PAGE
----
Innovative Air Conditioner Is Quieter and Uses Less Energy

(p. B5) There is nothing cool about window air conditioners.

They’re clunky, ugly and tend to be way too loud. Most of them are more or less identical and have been for a long time: same temperature, same efficiency, same fear of falling out the window during installation.

“There was no meaningful performance difference from unit to unit,” said Liam McCabe, a seasoned window-AC product reviewer. “Everything was a rectangular heavy box.”

At least until a sleeker, quieter, U-shaped AC came along that looked and sounded unlike any that had ever been made. It also produced less noise and required less energy, which solved the biggest problems of window air conditioners. These machines work if you turn them on and never have to think about them again. This one worked so well that it had the opposite effect. It made people completely obsessed with their air conditioning.

. . .

They had reasons to be cynical when they heard about a company disrupting window ACs, which had become commoditized in the century since the first one was patented. But when they tried it out, they found themselves blown away. Wired and Wirecutter both picked the U-shaped AC as the best on the market, and it defied everything McCabe thought he knew about window air conditioners. His years of reviewing the same old boring products turned out to be useful preparation for recognizing one that was totally different and entirely new.

“It fried my brain a bit,” he told me. “I remember thinking: This is too good to be true.”

. . .

There wasn’t much innovation or investment in ACs, said Kurt Jovais, Midea America’s president. His company would come to believe that the window AC had been undervalued.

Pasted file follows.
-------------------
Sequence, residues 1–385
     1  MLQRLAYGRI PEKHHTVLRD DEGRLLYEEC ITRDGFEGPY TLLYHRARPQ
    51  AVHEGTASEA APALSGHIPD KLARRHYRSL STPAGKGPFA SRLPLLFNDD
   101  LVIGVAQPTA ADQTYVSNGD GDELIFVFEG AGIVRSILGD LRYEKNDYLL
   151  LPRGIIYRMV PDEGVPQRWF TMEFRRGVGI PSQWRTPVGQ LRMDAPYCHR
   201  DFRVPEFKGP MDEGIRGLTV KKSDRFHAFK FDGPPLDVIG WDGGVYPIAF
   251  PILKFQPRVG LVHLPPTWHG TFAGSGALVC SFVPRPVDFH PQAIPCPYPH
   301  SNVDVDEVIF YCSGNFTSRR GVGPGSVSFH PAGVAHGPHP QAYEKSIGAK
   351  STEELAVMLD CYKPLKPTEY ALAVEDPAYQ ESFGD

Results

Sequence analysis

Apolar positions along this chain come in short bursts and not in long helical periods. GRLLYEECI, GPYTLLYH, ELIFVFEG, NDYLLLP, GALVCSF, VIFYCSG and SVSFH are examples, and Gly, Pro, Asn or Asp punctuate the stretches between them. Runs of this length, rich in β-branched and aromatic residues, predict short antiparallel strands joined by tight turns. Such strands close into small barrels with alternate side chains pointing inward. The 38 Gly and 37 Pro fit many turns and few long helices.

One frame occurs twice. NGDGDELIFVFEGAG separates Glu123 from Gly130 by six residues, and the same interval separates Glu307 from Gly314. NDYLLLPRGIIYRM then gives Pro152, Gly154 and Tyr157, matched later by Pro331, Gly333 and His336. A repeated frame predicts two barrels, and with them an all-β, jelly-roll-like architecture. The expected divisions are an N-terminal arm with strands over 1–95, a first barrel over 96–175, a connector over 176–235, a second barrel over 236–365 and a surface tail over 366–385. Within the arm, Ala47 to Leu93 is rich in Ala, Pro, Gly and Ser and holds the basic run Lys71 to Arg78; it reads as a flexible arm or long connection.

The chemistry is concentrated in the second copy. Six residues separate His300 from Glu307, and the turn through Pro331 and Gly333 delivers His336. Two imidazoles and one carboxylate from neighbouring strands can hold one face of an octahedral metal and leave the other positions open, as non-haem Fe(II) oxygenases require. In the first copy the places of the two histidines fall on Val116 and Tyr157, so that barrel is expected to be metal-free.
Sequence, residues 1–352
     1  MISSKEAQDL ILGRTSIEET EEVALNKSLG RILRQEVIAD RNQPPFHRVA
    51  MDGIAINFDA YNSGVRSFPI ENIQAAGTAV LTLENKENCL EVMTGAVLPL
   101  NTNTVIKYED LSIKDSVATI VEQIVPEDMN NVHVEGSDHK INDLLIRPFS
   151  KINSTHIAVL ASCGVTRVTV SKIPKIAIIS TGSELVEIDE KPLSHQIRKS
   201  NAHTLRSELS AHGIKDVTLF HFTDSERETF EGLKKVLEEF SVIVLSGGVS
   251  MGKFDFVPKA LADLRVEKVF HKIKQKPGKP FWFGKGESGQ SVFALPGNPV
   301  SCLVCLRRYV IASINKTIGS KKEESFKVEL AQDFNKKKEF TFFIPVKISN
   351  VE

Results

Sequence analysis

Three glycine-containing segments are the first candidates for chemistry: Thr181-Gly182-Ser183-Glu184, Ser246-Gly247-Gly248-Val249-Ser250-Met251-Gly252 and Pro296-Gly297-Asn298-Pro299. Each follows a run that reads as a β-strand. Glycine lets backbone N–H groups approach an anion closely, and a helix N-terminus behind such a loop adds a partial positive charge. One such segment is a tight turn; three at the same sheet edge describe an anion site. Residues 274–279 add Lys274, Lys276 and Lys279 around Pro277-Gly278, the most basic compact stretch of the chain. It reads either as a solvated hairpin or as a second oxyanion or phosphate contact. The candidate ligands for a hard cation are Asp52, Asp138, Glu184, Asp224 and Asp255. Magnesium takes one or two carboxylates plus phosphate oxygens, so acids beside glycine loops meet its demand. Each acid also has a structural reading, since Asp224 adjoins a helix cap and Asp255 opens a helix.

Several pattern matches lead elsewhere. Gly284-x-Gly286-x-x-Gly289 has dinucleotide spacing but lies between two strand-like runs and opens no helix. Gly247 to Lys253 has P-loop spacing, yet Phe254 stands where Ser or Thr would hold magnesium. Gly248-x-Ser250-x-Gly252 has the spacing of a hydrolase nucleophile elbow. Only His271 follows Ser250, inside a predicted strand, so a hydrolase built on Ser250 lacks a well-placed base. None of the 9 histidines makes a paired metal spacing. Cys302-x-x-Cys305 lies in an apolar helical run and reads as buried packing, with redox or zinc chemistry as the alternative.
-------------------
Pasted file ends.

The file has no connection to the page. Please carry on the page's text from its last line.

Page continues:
“We know there’s a better way,” he recalled thinking. “We’re going to make sure we find what that better way is.”

That was Adam Schultz’s job. Midea America’s project manager for residential air conditioning was responsible for turning concepts into a product that wasn’t an eyesore. The quest for a less noisy, more efficient unit inspired his team to design a prototype in the shape of a U. Instead of squeezing a noise dampener inside the box to muffle noise, they essentially split the box in two and stuck the annoying clanks and thunks outside.

That is, the secret to making a better window air conditioner was taking advantage of the window.

The clever engineering solution wasn’t just effective. It was intuitive. All you had to do was look at the U shape and you would see why this AC sounds like a library.

“The window is a sound barrier,” Schultz said.

That wasn’t the only benefit of the unorthodox design. The variable-speed inverter compressor uses less energy, which means you can keep it cranking without having to worry about utility bills. You can also open your window for unconditioned fresh air, rather than bolting it down to a giant box during installation.

For the full commentary, see:

Ben Cohen. “SCIENCE OF SUCCESS; The Ingenuity Behind This Air Conditioner Will Blow U Away.” The Wall Street Journal (Saturday, June 17, 2023): B5.

(Note: ellipses added.)

(Note: the online version of the commentary has the date June 15, 2023, and has the title “SCIENCE OF SUCCESS; How Did the World’s Coolest Air Conditioner Get So Hot?”)

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